The market for mobile accessories will grow at an average rate of 10.5% per year from 2012 through until 2017, according to figures from ABI Research.
It says the total revenue generated worldwide by mobile accessories will reach $62 billion in 2017.
South Korean telecom company KT has unveiled a mobile phone attachment called the Spider Laptop. Although it looks like a conventional laptop with an 11-inch screen and QWERTY keyboard, the accessory has no central processing unit or stand-alone operating system because it’s designed to extend the features of a smartphone.
The first version of the Spider Laptop was developed in partnership with Samsung and can connect to a Samsung Galaxy SIII with a single cable.
Black days for BlackBerry?
Mark Bridge writes:
BlackBerry and bad news seem inextricably linked at the moment. RIM’s CEO admits he’s “not satisfied” with recent company performance and warns of challenging times ahead... and then the company is hit by a $147 million dollar damages order for patent infringement.
Mind you, Research In Motion wasn’t the only mobile company bringing disappointment into the mainstream news last week.
From 10 million units this year to over 100 million by 2017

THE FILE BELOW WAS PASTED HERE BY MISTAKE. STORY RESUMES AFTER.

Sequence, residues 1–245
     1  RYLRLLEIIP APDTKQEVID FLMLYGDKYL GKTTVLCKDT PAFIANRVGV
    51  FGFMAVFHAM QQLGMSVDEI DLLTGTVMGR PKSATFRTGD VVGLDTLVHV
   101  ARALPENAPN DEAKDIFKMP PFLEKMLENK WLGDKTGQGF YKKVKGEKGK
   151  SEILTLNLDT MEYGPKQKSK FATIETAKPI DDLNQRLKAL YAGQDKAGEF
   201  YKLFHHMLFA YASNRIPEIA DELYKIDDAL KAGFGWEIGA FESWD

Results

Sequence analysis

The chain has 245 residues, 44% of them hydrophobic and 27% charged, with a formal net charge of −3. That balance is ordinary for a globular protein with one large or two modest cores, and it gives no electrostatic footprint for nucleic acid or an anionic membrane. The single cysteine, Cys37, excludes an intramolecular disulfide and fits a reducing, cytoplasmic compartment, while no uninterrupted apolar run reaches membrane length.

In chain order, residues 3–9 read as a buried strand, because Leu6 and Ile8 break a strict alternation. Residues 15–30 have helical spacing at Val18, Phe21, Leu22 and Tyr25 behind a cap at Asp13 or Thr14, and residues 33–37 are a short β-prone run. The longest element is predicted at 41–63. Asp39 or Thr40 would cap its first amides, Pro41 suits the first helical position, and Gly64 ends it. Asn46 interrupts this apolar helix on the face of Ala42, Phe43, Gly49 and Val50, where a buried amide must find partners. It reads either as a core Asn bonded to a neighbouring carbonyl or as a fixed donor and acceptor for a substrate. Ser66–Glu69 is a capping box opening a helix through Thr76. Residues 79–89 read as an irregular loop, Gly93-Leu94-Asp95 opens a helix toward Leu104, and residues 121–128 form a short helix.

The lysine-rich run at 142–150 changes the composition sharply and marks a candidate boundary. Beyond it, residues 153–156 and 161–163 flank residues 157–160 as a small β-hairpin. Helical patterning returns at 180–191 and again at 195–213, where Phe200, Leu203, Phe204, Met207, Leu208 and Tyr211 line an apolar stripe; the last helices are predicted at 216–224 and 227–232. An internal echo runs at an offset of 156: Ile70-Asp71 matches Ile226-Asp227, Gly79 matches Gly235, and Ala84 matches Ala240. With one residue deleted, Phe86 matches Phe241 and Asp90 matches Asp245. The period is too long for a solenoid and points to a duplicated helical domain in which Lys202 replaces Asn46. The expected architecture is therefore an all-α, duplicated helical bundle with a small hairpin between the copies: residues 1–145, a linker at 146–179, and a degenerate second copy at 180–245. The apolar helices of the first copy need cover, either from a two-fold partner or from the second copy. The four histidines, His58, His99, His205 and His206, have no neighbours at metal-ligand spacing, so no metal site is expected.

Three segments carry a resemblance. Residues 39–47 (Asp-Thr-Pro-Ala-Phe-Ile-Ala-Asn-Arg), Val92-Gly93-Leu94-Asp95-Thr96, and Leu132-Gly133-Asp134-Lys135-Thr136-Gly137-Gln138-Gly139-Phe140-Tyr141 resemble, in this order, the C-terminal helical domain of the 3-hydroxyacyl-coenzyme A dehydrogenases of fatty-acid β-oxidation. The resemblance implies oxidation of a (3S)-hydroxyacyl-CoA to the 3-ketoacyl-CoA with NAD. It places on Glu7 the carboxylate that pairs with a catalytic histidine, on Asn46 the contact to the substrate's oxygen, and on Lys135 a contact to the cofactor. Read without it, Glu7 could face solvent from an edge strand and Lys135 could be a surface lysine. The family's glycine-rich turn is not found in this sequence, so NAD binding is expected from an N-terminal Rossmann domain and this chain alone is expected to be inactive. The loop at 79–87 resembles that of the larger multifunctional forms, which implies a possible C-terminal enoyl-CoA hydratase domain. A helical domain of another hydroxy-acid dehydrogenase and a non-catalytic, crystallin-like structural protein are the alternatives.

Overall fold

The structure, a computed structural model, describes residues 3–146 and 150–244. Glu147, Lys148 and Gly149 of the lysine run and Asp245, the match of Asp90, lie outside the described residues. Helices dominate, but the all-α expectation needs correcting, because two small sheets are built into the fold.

A new report from Juniper Research says ‘smart accessories’ that connect with mobile phones will become a major new market for manufacturers over the next five years. Examples of these wireless accessories include health monitoring equipment, fitness accessories and payment devices.
It forecasts that just over 10 million task-specific smart devices will be produced this year, with annual sales expected to exceed 100 million units by 2017.
Mark Bridge writes:
Is there any product that offers as much potential for additional sales as the mobile phone?
When I visit a coffee shop to buy a coffee, I’m often asked “would you like any pastries or muffins with that?”
On the one occasion that I bought a new car, I was offered the option of paying extra for different colours, for floor mats and for a fancy stereo. When you buy a DVD player or a games console, it’s pretty obvious you’ll be paying extra for entertainment.
Yet, when you consider the variety of add-ons available in the mobile industry, I’d say smartphones were in a league of their own.